What is the point of the rainbow? What does it symbolize?

Many Christians know from the church's teaching on the flood of Noah's day, that the rainbow originally was a sign of God's promise not to destroy the world by water again. It is this understanding that makes the modern co-opting of the rainbow symbol for gay pride (etc.) seem so egregious. But the rainbow is a symbol of justice too.

“Behold, I establish my covenant with you and your offspring after you,” . . . And God said, “This is the sign of the covenant that I make between me and you and every living creature that is with you, for all future generations: I have set my bow in the cloud, and it shall be a sign of the covenant between me and the earth.” (Gen. 9:9, 12–13)

The rainbow now designated the sign of God’s promise not to visit wrath on the earth by way of a flood again. But larger than that, the rainbow is another sign of God’s promise to remove his wrath from his children.

The Hebrew word for bow in this text is the same Hebrew word used for the kind of bow one uses in battle, as in “bow and arrows.” What God is talking about is laying down his weapons. In his commentary on Genesis, Marcus Dods writes:

They accepted it as a sign that God has no pleasure in destruction, that He does not give way to moods, that He does not always chide, that if weeping may endure for a night joy is sure to follow. If any one is under a cloud, leading a joyless, hopeless, heartless life, if any one has much apparent reason to suppose that God has given him up to catastrophe, and lets things run as they may, there is some satisfaction in reading this natural emblem and recognising that without the cloud, nay, without the cloud breaking into heavy sweeping rains, there cannot be the bow, and that no cloud of God’s sending is permanent, but will one day give place to unclouded joy.

We keep seeking peace, peace, where there is no peace, and we only find our true lasting eternal joy-saturated peace when it comes by the Spirit of God straight from Father God in the gospel of the Son of God. It is in Christ Jesus’s work that we see that God “lays down his bow.”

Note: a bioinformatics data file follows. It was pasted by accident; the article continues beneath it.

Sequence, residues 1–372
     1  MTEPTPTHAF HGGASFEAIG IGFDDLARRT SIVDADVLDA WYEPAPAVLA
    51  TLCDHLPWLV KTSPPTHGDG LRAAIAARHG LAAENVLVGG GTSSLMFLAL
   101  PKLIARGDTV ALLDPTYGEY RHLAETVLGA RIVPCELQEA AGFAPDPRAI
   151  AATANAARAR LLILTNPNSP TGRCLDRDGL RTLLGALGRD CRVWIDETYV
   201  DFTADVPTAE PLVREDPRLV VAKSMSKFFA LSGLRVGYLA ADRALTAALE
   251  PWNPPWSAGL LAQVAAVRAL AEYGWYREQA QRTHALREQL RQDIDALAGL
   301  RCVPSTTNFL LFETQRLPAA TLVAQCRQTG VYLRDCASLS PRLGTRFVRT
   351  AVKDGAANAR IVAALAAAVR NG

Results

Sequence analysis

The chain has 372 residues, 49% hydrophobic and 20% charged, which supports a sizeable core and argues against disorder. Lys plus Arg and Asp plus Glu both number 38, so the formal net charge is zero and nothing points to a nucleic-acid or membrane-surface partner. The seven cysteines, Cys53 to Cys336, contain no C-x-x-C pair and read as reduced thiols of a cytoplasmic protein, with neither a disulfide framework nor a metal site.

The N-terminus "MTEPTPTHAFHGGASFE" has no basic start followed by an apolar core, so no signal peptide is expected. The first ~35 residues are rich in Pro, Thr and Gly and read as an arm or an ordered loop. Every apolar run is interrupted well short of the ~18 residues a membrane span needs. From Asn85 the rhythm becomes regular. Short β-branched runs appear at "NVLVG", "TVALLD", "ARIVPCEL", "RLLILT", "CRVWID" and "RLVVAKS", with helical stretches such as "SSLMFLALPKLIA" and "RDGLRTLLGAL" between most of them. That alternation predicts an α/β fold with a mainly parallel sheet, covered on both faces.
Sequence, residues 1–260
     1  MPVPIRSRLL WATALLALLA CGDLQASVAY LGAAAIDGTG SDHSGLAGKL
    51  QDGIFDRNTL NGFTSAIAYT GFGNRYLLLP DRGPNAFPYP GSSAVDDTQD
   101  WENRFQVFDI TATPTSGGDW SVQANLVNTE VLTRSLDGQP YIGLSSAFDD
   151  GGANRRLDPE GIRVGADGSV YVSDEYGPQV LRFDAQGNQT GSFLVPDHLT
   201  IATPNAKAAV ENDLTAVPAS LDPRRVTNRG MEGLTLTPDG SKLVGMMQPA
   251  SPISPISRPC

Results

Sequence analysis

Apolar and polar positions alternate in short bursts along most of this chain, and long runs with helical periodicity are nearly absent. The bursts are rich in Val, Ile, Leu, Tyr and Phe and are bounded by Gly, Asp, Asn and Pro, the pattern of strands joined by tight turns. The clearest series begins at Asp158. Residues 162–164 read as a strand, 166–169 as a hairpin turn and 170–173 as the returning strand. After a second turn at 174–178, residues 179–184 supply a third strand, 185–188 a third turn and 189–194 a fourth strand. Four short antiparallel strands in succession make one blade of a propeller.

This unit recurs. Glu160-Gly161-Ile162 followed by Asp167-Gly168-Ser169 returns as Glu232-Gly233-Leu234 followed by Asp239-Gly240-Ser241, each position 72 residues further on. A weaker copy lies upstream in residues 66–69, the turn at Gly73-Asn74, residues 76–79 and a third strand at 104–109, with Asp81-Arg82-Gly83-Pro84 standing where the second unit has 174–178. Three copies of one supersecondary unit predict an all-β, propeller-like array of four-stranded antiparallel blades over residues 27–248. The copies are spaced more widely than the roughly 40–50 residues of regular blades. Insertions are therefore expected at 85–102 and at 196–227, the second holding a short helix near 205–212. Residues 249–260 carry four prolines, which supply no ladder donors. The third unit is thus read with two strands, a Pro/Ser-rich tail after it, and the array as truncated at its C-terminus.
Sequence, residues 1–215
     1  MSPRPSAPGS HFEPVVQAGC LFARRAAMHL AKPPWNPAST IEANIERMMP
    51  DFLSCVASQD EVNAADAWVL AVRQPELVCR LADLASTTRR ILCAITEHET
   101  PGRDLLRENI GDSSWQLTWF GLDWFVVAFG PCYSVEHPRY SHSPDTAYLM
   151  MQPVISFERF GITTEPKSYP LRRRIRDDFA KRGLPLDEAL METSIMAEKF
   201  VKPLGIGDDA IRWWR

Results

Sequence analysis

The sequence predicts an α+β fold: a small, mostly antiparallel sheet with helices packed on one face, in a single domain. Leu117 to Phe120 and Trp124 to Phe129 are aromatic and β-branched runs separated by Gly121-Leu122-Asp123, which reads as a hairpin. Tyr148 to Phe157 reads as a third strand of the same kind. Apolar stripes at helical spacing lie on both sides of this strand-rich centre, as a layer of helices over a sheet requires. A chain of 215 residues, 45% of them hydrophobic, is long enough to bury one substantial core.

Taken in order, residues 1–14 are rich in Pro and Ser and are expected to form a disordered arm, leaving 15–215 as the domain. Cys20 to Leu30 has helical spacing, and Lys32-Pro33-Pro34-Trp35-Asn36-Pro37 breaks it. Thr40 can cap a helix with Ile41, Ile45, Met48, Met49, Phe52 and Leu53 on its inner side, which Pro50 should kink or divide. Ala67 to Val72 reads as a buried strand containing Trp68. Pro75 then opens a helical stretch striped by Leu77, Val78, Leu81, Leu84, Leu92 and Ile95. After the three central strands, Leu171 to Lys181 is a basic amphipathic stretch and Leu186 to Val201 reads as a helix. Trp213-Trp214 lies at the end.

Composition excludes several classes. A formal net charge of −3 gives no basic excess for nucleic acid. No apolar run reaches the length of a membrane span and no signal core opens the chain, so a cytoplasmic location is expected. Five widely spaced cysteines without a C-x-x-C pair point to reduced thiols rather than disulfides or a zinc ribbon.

And we can keep seeking peace even in God’s good gifts—work, family, recreation, food, art and culture, the great outdoors, and sexual "freedom"—but we can’t find the peace that endures forever until we find it in the gospel. Because justice, while ordained by God, when administered by man can never truly satisfy.

But the covenant of grace is administered by God himself. So when we seek peace there, we truly find it. It’s not tainted by sin because God is holy and his Son is sinless.

Until we find peace in the gospel, we find only the search for peace and therefore no peace at all. In Isaiah 57:21 we read, “There is no peace . . . for the wicked.”

But to those who’ve put on Christ’s righteousness, who’ve gotten into the ark of the cross, Isaiah 26:3 says: “You keep him in perfect peace whose mind is stayed on you, because he trusts in you.”

The rainbow, then, is a sign of God’s promise that he has hung up his bow, and it’s a reminder to himself of his grace toward the earth. In the same way, the cross is a sign of God’s promise that he has hung his Son up to die, and it’s a reminder of his grace toward you that because Christ has taken the wrath, the wrath is taken.

To tout the rainbow, then, as a symbol of man-centered pride, is to urge the Lord, actually, to take up his bow again, to take it back in hand and draw it back. Celebrating pride is a courting of condemnation.

Therefore it says, “God opposes the proud, but gives grace to the humble.” — James 4:6

Put to death therefore what is earthly in you: sexual immorality, impurity, passion, evil desire, and covetousness, which is idolatry. On account of these the wrath of God is coming. — Colossians 3:5-6

A variation on this material appears in The Story of Everything, coming this fall from Crossway.

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